Estate Planning Paralegal

estate planning paralegalParalegals are vital to the success of lawyers and law firms, and this is particularly true when it comes to estate planning and probate law. These legal areas are wide ranging and require several different tasks, which makes working as an estate planning paralegal a great choice for anyone looking for a client oriented, variety filled legal career.

Because working as an estate planning paralegal can be much different than other paralegal positions, it’s important that you learn more about the requirement of working in probate or estate law and what requirements you may have to meet before entering this important profession.

What an Estate Planning Paralegal Does

Unlike other paralegal professions where the primary task is constructing legal documents and performing legal research in support of attorneys, working as an estate planning paralegal is one of client focused legal positions that exists.

When planning an estate, you will be required to have in-depth, emotionally fraught conversations with clients that include everything from their financial standings, their final wishes and how they want their inheritance to be divided. You will also meet with relatives of your client after they have passed and will explain the details of their estate.

Other important responsibilities of an estate planning paralegal can include handling estate taxes, reviewing creditor claims and preparing wills, trusts and probate forms.

Requirements for this Career

Like every form of paralegal, you will first need to complete a paralegal education before you will be hired by a law firm. Fortunately, there are several ways that you can receive training as a paralegal and make yourself eligible for employment.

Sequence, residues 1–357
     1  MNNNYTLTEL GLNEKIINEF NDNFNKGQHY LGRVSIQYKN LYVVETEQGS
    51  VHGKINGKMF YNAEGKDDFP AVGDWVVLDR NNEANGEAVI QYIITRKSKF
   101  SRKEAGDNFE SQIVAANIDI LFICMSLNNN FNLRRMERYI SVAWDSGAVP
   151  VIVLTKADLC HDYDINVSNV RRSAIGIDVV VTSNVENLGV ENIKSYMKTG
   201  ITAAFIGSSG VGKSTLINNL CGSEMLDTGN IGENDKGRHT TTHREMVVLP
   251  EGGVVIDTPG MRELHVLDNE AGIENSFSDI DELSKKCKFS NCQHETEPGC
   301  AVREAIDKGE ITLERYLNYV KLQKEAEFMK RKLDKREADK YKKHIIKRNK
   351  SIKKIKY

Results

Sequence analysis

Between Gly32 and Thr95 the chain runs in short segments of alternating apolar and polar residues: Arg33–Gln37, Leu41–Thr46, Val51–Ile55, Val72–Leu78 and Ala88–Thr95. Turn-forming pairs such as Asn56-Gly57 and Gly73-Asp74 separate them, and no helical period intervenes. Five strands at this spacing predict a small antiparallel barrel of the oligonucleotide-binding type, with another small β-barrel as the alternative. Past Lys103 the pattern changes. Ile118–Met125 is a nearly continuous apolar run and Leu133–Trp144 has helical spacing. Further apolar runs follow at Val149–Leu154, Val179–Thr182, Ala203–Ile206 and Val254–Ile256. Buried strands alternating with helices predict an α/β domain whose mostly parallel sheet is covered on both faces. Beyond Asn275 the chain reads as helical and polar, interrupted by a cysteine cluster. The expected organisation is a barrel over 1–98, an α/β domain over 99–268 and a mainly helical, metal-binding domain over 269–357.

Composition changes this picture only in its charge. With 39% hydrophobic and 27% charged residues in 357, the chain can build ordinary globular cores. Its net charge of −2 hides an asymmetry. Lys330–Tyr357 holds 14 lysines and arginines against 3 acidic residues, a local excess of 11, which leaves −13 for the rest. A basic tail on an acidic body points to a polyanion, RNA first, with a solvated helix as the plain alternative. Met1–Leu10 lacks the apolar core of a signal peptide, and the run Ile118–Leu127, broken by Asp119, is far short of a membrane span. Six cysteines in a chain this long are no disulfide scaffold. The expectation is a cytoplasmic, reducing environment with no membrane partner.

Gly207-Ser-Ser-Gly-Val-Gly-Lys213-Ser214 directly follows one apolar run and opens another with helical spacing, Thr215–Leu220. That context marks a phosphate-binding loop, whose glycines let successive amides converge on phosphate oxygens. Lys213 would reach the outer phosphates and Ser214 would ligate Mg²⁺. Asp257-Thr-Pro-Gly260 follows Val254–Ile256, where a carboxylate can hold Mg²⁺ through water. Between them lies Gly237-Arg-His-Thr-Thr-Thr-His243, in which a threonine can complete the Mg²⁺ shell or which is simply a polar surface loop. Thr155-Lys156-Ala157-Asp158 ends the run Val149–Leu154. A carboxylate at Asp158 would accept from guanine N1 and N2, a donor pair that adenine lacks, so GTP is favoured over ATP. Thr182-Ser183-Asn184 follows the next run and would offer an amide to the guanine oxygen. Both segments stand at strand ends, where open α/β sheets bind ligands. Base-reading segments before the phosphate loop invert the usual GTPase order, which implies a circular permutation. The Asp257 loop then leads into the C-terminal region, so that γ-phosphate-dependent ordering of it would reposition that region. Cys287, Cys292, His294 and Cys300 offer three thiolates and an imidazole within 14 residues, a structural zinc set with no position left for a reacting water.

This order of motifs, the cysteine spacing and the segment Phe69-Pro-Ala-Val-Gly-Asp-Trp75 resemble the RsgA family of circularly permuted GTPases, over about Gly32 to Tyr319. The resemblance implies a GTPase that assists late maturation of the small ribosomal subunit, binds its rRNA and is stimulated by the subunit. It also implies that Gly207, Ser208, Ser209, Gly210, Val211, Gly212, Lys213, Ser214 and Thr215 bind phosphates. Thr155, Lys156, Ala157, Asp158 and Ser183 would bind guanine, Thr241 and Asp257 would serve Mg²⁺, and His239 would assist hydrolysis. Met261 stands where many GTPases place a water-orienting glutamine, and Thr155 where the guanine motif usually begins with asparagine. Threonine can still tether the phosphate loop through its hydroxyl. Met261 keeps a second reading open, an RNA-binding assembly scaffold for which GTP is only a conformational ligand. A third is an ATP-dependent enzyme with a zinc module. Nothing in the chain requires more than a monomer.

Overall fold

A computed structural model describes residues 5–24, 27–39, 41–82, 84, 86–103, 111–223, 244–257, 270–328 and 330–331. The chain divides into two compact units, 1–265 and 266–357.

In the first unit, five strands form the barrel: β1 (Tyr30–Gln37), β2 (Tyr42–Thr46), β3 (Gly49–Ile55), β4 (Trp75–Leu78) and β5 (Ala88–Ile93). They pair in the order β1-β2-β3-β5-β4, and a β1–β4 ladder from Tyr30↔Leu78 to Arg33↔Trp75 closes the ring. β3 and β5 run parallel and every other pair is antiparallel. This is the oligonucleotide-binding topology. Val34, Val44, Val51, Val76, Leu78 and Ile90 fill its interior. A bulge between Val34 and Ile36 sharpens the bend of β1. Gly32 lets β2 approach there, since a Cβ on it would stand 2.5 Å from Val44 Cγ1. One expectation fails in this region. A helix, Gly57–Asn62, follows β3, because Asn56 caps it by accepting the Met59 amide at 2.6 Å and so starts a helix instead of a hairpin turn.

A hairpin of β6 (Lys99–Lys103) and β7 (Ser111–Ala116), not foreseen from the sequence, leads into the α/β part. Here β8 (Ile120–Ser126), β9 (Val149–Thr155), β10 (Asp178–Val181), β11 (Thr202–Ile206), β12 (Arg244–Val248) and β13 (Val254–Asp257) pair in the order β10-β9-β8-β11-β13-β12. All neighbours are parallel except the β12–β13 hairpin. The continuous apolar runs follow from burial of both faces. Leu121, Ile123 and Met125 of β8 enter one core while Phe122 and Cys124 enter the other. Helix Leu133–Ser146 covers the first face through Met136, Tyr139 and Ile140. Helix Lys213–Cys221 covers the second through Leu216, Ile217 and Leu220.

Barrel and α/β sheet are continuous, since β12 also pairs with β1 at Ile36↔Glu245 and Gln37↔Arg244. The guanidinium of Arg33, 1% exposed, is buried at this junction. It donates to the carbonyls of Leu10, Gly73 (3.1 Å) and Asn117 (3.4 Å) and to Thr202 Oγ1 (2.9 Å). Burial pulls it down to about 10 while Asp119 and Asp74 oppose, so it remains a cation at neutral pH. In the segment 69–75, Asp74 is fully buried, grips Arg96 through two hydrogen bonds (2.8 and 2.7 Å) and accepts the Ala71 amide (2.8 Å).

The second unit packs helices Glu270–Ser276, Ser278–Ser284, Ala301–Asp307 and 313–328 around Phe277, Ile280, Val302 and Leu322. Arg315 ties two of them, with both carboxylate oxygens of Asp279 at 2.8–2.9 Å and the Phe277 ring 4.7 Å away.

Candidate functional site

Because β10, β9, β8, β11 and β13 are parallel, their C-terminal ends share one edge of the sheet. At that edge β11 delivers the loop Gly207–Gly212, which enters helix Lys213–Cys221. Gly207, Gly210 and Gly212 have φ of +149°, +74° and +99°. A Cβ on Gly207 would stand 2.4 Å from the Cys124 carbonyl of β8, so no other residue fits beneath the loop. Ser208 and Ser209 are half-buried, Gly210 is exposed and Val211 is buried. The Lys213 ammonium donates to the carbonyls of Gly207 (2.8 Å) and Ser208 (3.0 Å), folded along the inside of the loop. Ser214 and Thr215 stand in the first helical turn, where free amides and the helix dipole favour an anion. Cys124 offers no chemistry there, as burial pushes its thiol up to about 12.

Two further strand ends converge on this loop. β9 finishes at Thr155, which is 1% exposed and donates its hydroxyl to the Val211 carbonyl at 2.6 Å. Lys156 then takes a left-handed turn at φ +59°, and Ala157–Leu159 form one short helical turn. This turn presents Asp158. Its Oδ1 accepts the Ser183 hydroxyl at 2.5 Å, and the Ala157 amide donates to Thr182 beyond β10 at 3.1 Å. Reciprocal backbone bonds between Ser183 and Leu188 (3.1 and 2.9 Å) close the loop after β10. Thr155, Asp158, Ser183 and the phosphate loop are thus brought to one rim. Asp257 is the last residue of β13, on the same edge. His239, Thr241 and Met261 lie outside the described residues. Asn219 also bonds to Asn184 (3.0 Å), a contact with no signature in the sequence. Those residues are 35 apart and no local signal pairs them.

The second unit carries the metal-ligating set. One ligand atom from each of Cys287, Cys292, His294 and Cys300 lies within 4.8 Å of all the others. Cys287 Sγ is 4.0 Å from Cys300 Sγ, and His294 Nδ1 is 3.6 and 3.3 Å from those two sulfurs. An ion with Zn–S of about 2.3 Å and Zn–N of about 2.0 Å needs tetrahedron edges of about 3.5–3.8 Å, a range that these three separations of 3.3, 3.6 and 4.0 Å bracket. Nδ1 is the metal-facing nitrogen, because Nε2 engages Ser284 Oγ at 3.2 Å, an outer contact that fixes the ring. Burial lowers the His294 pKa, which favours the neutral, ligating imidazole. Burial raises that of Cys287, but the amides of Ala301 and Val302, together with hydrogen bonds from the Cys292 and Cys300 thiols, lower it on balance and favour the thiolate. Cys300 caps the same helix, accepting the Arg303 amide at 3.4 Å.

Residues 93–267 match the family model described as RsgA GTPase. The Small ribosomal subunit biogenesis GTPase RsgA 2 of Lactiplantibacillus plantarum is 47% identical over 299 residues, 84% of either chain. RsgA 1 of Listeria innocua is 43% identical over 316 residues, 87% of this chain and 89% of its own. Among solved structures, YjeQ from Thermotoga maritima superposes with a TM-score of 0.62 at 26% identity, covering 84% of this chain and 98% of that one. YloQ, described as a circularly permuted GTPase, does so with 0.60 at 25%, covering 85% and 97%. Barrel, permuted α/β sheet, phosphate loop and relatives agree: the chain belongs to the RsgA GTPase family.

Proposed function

For instance, you could choose to complete a certificate of paralegal studies, which provides for quick professional entry. However, most law firms prefer paralegals who have made the effort to earn either an associate’s or bachelor’s degree that been awarded by an institution approved by the American Bar Association (ABA).

Because of the delicate nature of estate planning, there are also skills that you need to work in this profession successfully. First, you must have good communication skills, as you will be working with clients during some of the most vulnerable times of their life. Second, you will need to be detailed oriented, as estate planning is a complex process that involves many different forms and documents. Possessing or curating these skills is important for estate planning work.

What is the Typical Salary?

Salaries for paralegals are wide ranging, and depend on several factors. The state where you work, the paralegal field that you’ve entered, your education level and your paralegal experience can drastically alter your annual compensation. Luckily, the Bureau of Labor Statistics (BLS) provides some basic information about this profession.

As found in the 2015 BLS report, paralegals can expect an average yearly salary of $48,810. For aspiring estate planning paralegals who are concerned with job access, the BLS estimates that paralegal positions will grow at a rate of 8% in the years leading up to 2024.

Become an Estate Planning Paralegal

If you’re someone who is interested in a legal career and possesses deep compassion for other people, then becoming an estate planning paralegal is the ideal career choice. By becoming an estate planning paralegal, you will ensure that your client’s final wishes are granted and that their possessions and finances are given to their loved ones.